An angler almost swept to his death on a fast-flowing Highland river has urged others not to be “idiots” as he thanked his rescuers.
David Fife desperately clung to a branch for two hours after being cut off by rising water on the River Glass, near Cannich.
The 78-year-old, who has fished on the river for more than 30 years, was on a week-long trip with friends when the near-tragedy happened.
The retired surgeon had waded out to a river island, but was caught by rising water levels caused by the operation of turbines at nearby Fasnakyle Power Station.
The water level can increase dramatically when the station starts to generate electricity and needs to let extra water down the river.
Mr Fife, from Essex, said: “I noticed the water rising so decided to head back to the shore.
“The water rose by around 10 inches in five to 10 minutes and it got a bit heavy. My retreat was not fast enough and I got a third of the way across when I was swept off my feet and washed down by about 40-50 yards.
“I managed to grab a branch sticking out from the island and spent about two hours in the water before one of my fishing companions came looking for me.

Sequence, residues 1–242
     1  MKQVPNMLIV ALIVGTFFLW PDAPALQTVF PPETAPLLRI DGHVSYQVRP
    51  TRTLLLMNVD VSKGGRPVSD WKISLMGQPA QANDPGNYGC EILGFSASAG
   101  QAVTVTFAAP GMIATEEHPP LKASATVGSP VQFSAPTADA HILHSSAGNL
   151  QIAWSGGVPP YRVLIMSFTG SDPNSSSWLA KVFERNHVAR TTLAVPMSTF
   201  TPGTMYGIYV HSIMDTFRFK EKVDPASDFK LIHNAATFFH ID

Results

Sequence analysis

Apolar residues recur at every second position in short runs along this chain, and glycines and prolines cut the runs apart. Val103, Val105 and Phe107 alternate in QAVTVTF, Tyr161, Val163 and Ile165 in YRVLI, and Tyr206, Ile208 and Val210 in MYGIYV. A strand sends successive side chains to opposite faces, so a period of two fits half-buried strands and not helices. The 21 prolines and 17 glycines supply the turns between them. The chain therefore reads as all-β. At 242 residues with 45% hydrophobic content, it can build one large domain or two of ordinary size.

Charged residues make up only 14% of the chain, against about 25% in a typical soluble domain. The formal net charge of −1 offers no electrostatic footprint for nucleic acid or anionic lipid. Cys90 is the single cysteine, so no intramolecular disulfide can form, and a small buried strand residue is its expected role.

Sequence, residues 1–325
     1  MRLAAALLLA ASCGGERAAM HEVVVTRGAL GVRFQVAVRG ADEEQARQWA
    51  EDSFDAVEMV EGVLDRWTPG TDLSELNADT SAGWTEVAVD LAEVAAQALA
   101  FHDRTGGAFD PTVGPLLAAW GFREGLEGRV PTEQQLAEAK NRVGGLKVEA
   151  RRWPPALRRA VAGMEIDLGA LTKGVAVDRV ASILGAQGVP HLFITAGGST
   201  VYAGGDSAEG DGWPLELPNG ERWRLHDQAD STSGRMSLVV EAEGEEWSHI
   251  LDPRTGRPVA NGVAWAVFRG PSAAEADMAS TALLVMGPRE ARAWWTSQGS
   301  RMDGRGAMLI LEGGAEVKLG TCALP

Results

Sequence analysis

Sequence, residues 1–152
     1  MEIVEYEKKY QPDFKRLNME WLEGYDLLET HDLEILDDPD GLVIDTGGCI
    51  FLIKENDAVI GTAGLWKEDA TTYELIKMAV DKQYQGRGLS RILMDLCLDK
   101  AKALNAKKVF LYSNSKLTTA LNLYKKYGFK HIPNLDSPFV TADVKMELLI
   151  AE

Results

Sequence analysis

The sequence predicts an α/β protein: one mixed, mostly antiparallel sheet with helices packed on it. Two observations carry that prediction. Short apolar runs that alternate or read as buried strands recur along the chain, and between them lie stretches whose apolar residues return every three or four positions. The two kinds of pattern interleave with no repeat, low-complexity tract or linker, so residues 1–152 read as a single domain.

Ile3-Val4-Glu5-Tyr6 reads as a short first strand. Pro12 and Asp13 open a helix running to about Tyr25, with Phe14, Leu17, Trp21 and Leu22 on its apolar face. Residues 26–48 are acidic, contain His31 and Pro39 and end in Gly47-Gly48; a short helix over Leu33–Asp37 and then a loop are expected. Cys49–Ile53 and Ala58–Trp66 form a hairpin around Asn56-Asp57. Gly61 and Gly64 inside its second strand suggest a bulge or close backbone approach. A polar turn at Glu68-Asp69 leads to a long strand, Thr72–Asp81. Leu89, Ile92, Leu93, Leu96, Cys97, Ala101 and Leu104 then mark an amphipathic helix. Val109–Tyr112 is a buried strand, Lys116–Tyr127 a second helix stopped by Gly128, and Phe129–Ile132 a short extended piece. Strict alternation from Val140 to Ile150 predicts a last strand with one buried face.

“He raised the alarm and thankfully the emergency services were quickly on the scene.”
A young female firefighter swam across the flow to attach a line to Mr Fife and he was pulled on to a dinghy and taken ashore to be assessed by paramedics. Mr Fife said: “My body temperature had dropped by 5C but fortunately I was otherwise OK.
“I have nothing but praise for the emergency services. A team of around 20 came to the rescue of an idiot like me.
“They were very professional and I was relieved at how well-prepared they were for a rescue.”
The pensioner added: “I have fished there for over 30 years and was well aware of the risks of the power station, but was not fast enough on this occasion.”
He urged other anglers to learn from his experience, adding: “Lessons learned from this episode include always carry your mobile phone and make sure it is waterproofed. I left mine at home. Secondly, always wear a lifejacket. I mistakenly left mine in my car.”
David Farries, deputy assistant chief fire officer, said last night he was “absolutely delighted” to hear Mr Fife had made a full recovery following the rescue earlier this month.
“Our water rescue crews are part of the 20 highly skilled teams forming our national water rescue capability – which we can call upon to do just that.”